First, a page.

From the far east, head to the interiors, and probe the heart of Turkey a little. Land at Kayseri and change some buses to reach Goreme, where the valleys and caves have preserved more than just a landscape. And while you move from one cave city to another within Goreme, step into one of the restaurants to have the humongous lentil burger. A scrumptious one with a patty of lentils at its core, adorned with some onions and other leafy vegetables, it is a perfect meal to bring your craving for ‘local’ vegetarian food to a halt. And the Lentil soup, as the name suggests, is vegetarian to the extent of being almost identical to the Indian Dal. At those times when you really can’t think of much at a Turkish eat out, just order a bowl of this soup and some rice, and you’ll be alive and kicking again to explore the next cave city (Yes, there are more than one of them). At night, get drunk on some Cappadocian wine, unless you have a hot air balloon flight the next morning, in which case you really wouldn’t want to be hung-over (literally!).
A trip to Turkey would be rather incomplete without a visit to one of its several pristine beaches, the colour of whose waters gave modern vocabulary the word ‘Turquoise’. From Goreme, head west in a bus to Oludeniz. But break in between. For it’s in Anatolia that some wonderful Turkish foods are to be found. To believe me, try the Testi kebabs – cracker of a dish from central Anatolia. The vegetables are slow cooked in a sealed clay pot to prepare a hot stew, which is then eaten with rice and some salad. But the delight of the dish lies in the way it’s served – cracked open with a hammer in front of the eater! Definitely calls for an experience. Doesn’t it?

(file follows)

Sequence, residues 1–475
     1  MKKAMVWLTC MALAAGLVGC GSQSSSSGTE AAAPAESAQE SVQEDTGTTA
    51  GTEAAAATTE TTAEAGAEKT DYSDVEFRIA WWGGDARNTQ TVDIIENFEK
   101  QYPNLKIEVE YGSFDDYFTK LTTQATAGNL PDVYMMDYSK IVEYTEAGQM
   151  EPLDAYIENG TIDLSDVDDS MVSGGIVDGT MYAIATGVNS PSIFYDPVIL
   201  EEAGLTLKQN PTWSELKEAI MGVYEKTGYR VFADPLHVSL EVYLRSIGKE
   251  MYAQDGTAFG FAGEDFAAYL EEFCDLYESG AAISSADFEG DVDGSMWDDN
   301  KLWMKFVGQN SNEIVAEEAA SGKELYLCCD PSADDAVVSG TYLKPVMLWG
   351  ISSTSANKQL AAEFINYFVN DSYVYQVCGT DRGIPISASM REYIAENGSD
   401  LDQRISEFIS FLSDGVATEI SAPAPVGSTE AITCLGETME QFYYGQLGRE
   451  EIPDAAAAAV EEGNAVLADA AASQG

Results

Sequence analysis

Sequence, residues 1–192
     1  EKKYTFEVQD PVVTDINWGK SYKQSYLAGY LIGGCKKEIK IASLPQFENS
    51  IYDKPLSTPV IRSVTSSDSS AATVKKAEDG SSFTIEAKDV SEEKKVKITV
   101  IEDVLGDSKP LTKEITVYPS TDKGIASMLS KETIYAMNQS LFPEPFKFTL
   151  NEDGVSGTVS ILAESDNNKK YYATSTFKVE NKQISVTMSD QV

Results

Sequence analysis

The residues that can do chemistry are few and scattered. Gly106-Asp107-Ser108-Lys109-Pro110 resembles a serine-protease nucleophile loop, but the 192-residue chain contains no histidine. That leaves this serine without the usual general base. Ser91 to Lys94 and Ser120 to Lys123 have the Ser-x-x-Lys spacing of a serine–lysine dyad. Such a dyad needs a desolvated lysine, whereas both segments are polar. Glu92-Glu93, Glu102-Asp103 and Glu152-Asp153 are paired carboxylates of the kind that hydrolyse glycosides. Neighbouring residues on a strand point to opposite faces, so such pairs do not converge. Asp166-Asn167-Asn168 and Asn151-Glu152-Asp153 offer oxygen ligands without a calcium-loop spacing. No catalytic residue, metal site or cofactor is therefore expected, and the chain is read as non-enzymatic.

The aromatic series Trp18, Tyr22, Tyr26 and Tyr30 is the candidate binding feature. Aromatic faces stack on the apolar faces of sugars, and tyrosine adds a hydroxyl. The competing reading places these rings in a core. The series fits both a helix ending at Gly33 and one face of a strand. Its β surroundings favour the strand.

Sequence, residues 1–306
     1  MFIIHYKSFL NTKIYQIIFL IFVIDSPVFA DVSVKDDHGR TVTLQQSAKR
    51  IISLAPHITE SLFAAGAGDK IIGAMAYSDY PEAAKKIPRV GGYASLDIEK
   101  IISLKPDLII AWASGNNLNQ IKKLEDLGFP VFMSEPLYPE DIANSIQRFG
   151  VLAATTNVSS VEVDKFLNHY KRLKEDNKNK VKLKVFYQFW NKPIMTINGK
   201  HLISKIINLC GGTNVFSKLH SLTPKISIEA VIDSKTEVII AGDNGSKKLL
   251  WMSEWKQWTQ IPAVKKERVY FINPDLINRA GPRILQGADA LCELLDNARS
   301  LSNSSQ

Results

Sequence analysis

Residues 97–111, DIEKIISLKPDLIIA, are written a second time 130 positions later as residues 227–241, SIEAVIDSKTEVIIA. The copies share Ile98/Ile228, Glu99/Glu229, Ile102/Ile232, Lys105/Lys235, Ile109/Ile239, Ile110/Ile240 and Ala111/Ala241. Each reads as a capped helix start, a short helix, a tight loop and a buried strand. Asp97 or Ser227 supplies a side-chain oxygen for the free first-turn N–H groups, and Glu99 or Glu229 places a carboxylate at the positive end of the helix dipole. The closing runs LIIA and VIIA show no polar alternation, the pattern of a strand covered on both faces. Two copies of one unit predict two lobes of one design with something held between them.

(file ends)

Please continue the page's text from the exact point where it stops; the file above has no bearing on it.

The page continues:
And meanwhile, at all those places your bus stops, feast your way to some Gozleme, Turkish handmade pastry, much akin to the Indian ‘Paratha‘ and have it with Ayran, thick butter milk with lots of froth dangling over your glass. There are Gozleme varieties galore for vegetarians, Spinach Gozleme, Peynir Gozleme, Spinach & Peynir Gozleme, Potato Gozleme (yes that almost amounts to saying Aloo Paratha) or all of them. But decide soon among them because, my friend, there’s a bus to hop back on to! Did warn you, good food can sway your senses away.
Once you have soaked into the sun on the most fabulous beaches in Oludeniz, near Fethiye, head a little north along the coast. Cross over from Aydin to Selcuk. You are closer to Greece than ever before, geographically and may be, just maybe, culturally. And so, even though these may not be a Selcuk speciality per se, try the Yaprak Dolma – Stuffed grape leaves, which have been signature Mediterranean food for years. Annia Ciezaldo in her book ‘Day of Honey’ calls the dolma, a narrative dish, like short stories, where each ingredient speaks as the package unfolds. The good part is, dolmas are usually vegetarian, with a stuffing of rice inside grape leaves (their non-vegetarian cousin is usually called ‘Sarma‘). There are other dolmas as well, basically stuffed vegetables. They’ll make for a good change in taste, and a good conversation, as you open each leaf and devour the stuffing inside. After all, they are a narrative dish :)
Now, I want to you to take several steps back, closer to the border with Syria. Fret not; it’ll be worth the effort since we are talking about the most important part of the meal, the dessert. And for that we’re heading to the birth place of the Turkish Baklava, Gaziantep (or just Antep). It’s said that the baklava of Gaziantep is impossible to make anywhere else owing to the weather conditions and the nuts found there. Layers of filo pastry with multiple layers of nuts in between, dripping with syrup, ready to melt in your mouth, the moment you eat. Baklava, for any food lover, is a journey in time and space alike, with its varieties (Turkish, Syrian, Iranian, Lebanese and even Greek!), its origins, and the claims laid by different Middle Eastern countries to its origin. (Yes, it is that important a thing!). Though there are several chains in Istanbul selling them, one would do good to eat Baklava from one of the smaller outlets in the other Turkish towns. They are equally lovely and cheaper! (Heck, everything is, outside Istanbul).